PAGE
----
- Finally and similarly to point two above, the Judge found that the allocation of risk of the extra war risk premium in the first sentence of Clause 101, was not defined by reference to a single geographical area. There was no evidence that the war risk and kidnap and ransom premiums were tied to a single, definable geographical location. The same was also true for the crew war bonus. In these circumstances, it would be strange if the provisions to place the Vessel off-hire were, in fact, tied to a specific geographical area.
In the circumstances, the Vessel was off-hire for the period that she was detained by pirates in the Arabian Sea and the appeal on clause 101 failed.
In his approach to construction, the Judge noted that time charters gave rise to particular considerations because of the allocation of risk which was inherent in their nature. Under a time charter the risk of delay was fundamentally on the charterer who remained liable to pay hire in all circumstances unless exempt from doing so under an off-hire provision. Accordingly, the burden lied on a charterer to bring himself within the plain words of an exception from the obligation to pay hire; and, all other things being equal, doubts as to the meaning of such exceptions were to be resolved in favour of owners. This approach, described as ‘a cardinal rule’, has been articulated and applied in several cases and it is important that the parties ensure that the risk is allocated in accordance with their intentions, in order to avoid any subsequent disputes.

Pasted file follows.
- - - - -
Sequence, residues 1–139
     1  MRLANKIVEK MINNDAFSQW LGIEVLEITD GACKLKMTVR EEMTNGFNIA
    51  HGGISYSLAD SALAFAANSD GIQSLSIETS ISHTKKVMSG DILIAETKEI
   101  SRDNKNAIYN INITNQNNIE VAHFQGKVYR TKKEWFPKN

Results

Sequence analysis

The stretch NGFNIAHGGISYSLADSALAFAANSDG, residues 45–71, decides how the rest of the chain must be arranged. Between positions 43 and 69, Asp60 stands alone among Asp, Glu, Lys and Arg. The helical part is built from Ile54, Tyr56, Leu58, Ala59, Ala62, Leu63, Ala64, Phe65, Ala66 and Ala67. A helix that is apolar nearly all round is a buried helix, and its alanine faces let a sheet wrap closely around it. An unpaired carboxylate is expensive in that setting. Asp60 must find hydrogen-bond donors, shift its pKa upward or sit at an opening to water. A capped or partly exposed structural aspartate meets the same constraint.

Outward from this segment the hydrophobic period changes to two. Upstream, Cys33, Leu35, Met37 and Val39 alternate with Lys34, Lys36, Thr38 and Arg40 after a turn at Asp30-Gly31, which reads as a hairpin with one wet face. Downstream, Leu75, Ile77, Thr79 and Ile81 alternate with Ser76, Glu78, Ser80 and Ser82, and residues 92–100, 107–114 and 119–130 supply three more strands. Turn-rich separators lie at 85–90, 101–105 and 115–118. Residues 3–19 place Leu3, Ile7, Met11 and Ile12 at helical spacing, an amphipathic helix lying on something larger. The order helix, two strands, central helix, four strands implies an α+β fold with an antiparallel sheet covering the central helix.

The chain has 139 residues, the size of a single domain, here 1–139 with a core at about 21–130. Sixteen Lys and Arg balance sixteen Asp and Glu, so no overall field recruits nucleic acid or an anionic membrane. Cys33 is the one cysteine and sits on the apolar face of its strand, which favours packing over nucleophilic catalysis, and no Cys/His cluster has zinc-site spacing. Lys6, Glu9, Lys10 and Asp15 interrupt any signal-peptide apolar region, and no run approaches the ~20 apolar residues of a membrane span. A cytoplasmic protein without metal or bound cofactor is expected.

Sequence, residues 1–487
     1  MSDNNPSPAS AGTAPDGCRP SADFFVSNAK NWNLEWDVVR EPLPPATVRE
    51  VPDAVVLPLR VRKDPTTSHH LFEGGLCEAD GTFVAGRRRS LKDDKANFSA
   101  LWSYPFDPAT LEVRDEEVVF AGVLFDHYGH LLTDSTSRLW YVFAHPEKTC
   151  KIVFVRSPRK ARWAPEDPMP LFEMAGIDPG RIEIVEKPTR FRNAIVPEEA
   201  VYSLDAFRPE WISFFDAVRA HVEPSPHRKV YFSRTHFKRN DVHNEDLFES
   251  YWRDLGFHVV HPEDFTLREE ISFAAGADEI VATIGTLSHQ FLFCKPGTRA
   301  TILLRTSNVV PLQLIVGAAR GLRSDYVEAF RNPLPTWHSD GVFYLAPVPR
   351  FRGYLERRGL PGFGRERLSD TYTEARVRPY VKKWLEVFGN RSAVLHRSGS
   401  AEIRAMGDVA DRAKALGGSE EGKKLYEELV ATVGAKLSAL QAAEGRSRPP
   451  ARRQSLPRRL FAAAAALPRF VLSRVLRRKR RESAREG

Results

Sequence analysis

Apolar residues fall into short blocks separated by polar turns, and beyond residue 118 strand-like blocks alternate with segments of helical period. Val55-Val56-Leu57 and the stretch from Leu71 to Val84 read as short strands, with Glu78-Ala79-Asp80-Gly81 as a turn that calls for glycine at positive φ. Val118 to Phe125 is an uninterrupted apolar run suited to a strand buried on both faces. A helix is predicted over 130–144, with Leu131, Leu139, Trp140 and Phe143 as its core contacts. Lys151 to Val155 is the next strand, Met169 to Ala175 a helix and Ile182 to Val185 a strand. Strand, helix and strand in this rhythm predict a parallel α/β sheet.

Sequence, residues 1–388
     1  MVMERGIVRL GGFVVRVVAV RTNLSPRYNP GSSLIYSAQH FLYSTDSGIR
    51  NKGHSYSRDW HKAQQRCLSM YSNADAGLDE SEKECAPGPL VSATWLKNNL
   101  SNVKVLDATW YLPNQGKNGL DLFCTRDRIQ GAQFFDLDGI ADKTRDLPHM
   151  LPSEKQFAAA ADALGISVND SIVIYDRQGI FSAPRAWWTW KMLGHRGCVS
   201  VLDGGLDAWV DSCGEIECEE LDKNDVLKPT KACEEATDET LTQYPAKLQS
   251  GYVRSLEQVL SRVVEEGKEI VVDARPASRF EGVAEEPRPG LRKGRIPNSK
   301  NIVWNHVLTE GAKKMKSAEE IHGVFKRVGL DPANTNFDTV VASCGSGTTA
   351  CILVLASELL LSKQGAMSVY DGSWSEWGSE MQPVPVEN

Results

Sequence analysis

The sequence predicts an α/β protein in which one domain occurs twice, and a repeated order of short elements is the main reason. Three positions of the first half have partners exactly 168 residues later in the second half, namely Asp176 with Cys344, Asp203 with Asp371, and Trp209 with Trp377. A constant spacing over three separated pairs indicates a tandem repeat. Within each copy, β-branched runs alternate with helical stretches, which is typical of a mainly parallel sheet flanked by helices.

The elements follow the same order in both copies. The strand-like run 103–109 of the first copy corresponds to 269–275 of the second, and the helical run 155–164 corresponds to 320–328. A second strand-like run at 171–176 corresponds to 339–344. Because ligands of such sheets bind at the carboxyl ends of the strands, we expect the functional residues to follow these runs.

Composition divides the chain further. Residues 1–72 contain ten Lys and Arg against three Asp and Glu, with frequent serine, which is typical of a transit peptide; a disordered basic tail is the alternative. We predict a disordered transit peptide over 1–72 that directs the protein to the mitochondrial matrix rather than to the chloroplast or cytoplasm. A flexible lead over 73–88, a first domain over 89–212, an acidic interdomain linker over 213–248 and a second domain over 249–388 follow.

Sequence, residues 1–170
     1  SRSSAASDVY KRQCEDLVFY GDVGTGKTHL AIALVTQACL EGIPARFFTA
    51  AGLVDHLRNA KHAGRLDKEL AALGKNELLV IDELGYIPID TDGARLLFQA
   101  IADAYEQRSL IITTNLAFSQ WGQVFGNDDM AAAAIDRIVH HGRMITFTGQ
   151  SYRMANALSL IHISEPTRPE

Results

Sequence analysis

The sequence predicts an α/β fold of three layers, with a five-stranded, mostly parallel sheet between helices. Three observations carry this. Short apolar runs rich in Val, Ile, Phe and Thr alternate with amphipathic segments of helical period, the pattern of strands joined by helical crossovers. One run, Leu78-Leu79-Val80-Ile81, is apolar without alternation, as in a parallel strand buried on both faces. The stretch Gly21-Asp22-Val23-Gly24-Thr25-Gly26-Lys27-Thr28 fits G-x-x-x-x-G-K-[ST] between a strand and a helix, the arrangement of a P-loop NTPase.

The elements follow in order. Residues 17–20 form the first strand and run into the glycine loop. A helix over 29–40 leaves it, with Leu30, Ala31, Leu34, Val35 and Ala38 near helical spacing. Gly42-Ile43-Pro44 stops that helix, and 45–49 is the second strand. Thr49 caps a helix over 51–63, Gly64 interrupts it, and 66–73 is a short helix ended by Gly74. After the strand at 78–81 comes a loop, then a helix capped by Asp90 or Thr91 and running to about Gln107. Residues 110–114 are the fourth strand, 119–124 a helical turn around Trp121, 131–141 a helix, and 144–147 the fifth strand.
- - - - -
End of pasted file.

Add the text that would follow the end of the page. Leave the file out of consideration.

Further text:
The judge also gave a helpful summary of the recent authorities on interpretation of contracts.